WASHINGTON, D.C. — For the second time since 2015, Illinois’ lawsuit climate ranked number 48 out of 50 in a new national survey released today by the U.S. Chamber Institute for Legal Reform (ILR). Illinois has been in the bottom five states for the past decade.
2017 Lawsuit Climate Survey: Ranking the States surveyed senior business executives on their experiences with state lawsuit environments.
This perception of Illinois’ poor litigation climate is critical—an all-time high 85 percent of survey participants said that a state’s lawsuit environment is likely to impact their company’s decisions about where to locate or expand.
“Plaintiffs’ lawyers flock to Illinois to file lawsuits for people who don’t even live there, clogging the courts and gaming the system,” said ILR President Lisa A. Rickard. “If Illinois could attract companies at the same rate it is now attracting lawsuits, it could improve the state’s dismal economic outlook and create more jobs.”
Illinois received particularly low ratings for its treatment of tort and contract litigation. Illinois is also home to the worst lawsuit jurisdiction in the nation: Chicago (Cook County). Madison County, Illinois, ranked as the eighth worst.
Both Cook and Madison Counties in Illinois act as lawsuit magnets for cases both from around the state and the country. In 2015, 63 percent of Cook County’s lawsuits were filed by non-residents. Madison County’s national reputation as a plaintiff-friendly court is also backed by statistics – 28 percent of all asbestos lawsuits nationwide were filed there in 2016, and over 83 percent of them came from outside Illinois.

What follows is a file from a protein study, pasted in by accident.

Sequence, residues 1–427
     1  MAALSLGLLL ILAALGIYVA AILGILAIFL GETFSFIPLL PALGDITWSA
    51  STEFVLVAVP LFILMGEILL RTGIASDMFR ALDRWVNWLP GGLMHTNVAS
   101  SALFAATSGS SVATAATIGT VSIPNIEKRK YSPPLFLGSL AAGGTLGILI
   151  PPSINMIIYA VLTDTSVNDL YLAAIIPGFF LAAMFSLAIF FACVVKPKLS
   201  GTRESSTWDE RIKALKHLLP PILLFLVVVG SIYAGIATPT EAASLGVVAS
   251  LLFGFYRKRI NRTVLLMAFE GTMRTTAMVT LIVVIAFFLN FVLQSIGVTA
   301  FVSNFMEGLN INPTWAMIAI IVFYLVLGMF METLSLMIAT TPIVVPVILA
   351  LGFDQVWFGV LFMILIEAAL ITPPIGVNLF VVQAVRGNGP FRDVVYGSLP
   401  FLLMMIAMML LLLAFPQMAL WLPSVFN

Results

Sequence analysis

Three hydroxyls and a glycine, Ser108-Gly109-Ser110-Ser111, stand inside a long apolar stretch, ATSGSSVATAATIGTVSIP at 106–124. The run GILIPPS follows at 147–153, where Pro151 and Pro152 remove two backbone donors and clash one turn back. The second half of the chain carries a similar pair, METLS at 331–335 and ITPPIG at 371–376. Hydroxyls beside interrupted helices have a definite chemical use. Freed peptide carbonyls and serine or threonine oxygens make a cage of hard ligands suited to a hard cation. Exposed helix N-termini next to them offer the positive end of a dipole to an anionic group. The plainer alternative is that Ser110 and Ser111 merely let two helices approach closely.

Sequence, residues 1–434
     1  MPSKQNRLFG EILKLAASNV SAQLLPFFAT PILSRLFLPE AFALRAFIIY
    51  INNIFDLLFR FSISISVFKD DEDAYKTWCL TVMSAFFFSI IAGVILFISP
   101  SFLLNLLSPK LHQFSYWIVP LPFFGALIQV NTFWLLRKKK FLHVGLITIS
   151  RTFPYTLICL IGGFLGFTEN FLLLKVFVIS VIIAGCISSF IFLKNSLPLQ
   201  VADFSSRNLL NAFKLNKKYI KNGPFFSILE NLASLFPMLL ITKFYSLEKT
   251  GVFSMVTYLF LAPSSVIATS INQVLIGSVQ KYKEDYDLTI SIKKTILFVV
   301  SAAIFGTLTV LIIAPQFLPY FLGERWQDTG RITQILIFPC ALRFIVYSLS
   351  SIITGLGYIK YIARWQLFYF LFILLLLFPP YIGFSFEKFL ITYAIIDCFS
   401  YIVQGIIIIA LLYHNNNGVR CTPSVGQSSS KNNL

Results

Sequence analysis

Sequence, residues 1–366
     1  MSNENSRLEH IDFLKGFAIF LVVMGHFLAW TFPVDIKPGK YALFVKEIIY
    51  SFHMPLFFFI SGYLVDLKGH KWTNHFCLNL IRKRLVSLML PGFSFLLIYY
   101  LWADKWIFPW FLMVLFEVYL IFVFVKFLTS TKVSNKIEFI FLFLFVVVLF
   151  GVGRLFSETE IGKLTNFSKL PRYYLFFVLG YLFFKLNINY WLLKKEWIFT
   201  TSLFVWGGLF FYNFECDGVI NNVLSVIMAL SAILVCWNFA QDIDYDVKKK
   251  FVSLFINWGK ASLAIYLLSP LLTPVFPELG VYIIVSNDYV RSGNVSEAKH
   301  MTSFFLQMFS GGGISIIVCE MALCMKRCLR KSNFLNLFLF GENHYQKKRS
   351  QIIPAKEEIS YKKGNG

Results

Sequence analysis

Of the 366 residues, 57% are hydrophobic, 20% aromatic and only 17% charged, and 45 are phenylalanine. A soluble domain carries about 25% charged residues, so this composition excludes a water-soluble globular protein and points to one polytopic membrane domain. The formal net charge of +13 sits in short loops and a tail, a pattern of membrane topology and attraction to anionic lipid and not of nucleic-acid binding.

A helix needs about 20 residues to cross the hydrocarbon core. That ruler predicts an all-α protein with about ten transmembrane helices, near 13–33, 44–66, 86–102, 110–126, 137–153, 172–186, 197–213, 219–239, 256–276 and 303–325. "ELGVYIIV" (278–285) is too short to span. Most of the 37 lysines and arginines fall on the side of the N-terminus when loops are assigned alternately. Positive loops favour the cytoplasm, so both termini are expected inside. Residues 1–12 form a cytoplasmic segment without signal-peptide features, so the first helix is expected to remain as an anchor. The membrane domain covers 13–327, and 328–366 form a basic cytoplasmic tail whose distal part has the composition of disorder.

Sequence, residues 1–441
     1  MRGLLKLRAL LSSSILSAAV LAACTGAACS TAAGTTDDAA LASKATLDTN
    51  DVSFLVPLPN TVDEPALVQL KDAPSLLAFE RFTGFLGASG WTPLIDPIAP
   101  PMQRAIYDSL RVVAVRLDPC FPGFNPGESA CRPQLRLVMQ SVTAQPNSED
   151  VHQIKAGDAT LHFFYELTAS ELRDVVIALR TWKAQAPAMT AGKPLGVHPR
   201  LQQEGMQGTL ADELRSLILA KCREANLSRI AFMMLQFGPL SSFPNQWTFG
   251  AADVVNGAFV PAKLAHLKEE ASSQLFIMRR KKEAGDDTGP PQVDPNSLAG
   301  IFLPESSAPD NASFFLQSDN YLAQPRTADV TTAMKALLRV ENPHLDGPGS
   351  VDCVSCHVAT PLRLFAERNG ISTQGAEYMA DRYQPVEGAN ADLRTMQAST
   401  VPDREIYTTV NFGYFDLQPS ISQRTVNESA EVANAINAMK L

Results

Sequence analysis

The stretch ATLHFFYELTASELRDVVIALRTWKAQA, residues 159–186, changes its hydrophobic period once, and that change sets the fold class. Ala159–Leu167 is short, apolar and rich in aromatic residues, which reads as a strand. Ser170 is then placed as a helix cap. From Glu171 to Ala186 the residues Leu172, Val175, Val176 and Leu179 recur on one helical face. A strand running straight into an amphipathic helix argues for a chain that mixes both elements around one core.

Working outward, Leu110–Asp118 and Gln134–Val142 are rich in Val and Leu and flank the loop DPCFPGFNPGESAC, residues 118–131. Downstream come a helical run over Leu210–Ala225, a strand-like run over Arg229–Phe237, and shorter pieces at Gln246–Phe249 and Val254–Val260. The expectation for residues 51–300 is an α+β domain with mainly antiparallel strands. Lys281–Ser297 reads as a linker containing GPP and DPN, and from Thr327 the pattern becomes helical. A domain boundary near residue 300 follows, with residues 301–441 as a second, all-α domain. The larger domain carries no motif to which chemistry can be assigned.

Harris Poll, a global polling firm, conducted the 2017 Lawsuit Climate Survey through more than 1,300 telephone and online interviews between March 31 and June 26, 2017. Participants were senior business lawyers and executives in companies with annual revenues of at least $100 million. The survey asked participants to rank the fairness of state lawsuit environments across 10 categories including their laws, courts, judges, and juries.
To promote the survey, ILR is conducting a national public awareness campaign. The national and key state online and broadcast ads can be seen here.
In tandem with the survey, ILR today released 101 Ways to Improve State Legal Systems, listing key legal reforms that states can adopt to improve their lawsuit climates.
ILR seeks to promote civil justice reform through legislative, political, judicial, and educational activities at the national, state, and local levels.
The U.S. Chamber of Commerce is the world’s largest business federation representing the interests of more than 3 million businesses of all sizes, sectors, and regions, as well as state and local chambers and industry associations.